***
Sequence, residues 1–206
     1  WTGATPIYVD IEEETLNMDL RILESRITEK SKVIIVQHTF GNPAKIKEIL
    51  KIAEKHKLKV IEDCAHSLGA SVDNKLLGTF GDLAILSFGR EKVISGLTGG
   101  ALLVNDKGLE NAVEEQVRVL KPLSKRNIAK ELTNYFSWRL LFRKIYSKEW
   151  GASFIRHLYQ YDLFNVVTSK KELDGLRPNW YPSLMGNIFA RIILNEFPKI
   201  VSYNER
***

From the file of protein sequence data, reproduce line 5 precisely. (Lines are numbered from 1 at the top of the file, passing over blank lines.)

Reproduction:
   151  GASFIRHLYQ YDLFNVVTSK KELDGLRPNW YPSLMGNIFA RIILNEFPKI